ZIMBABWEANS from all walks of life have roundly condemned former President Robert Mugabe following startling revelations that he is demanding his pension lump sum in cash after years of getting his salary using the same arrangement.
According to documents in possession of our sister paper, The Sunday Mail, the former President is demanding his pension lump sum of nearly half-a-million dollars and monthly pension pay out of over $13 000 in cash.
The documents also reveal that Mr Mugabe had been getting monthly cash payments of $20 000 while still Head of State and Government, even as ordinary Zimbabweans queued for days on end to access amounts as low as $20 from banks.
It has also been established that former First Lady Mrs Grace Mugabe is also getting a monthly payment of $2 170 from the State.
Police were unleashed on those who spoke out at bank queues as Mr Mugabe and his wife sat pretty, getting cash.
President Emmerson Mnangagwa, who took over from Mr Mugabe, was left bemused by the arrangement, saying it was highly irregular and irresponsible and opted to have his salary paid through a bank transfer.
The Chronicle yesterday took to the streets and spoke to ordinary residents, politicians and lawyers in Bulawayo over the issue.
A Bulawayo constitutional lawyer, Mr Dumisani Dube, said Mr Mugabe’s demands were a violation of anti-money laundering laws.
“Mr Mugabe’s demands are against anti-money laundering laws which were put in place to curb terrorism among other criminal activities. Anti-money laundering specifically refers to all policies and pieces of legislation that force financial institutions to proactively monitor their clients in order to prevent money laundering and corruption. So why does Mr Mugabe, a private citizen, want such a huge amount in cash when the generality of people are struggling to access even $100 per week?” he queried.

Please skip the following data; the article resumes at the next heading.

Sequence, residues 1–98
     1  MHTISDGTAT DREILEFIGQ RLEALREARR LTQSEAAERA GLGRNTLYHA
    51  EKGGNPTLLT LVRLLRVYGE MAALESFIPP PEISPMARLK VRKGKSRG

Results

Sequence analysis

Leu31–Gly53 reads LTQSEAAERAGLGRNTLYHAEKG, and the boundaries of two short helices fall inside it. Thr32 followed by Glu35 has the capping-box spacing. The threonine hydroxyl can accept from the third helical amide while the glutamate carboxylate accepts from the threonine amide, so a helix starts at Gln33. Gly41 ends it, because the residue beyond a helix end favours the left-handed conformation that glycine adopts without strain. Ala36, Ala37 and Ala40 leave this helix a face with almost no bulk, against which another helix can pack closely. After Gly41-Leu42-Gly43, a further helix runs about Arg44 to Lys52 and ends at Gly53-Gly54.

“In South Africa you cannot even withdraw $100 000 without first complying with the South African Reserve Bank regulations on money laundering and terror. In light of that, we can only speculate that Mr Mugabe wants to use the money for illicit activities.”
Mr Dube urged Mr Mugabe to embrace plastic money.
“We are living in a cashless society and there is no justification why someone would want to carry such huge amounts in cash.
Another Bulawayo lawyer, Mr Abednico Ndebele, who is a retired magistrate, had no kind words for the former Head of State and Government.
“We know that Mr Mugabe is constitutionally entitled to his pension and other benefits, but for him to demand that money in cash is something that cannot be condoned considering the prevailing situation in Zimbabwe. He is being unreasonable and this is actually a contradiction of what he used to preach when he was still the President that we should embrace plastic money,” he said.
“Pensioners spend several hours if not days trying to withdraw their money, which is merely pittance, and we have National Railways of Zimbabwe (NRZ) employees who have gone for years without pay, but here is a man who is not even ashamed to demand a lump sum of almost half-a-million in cash.”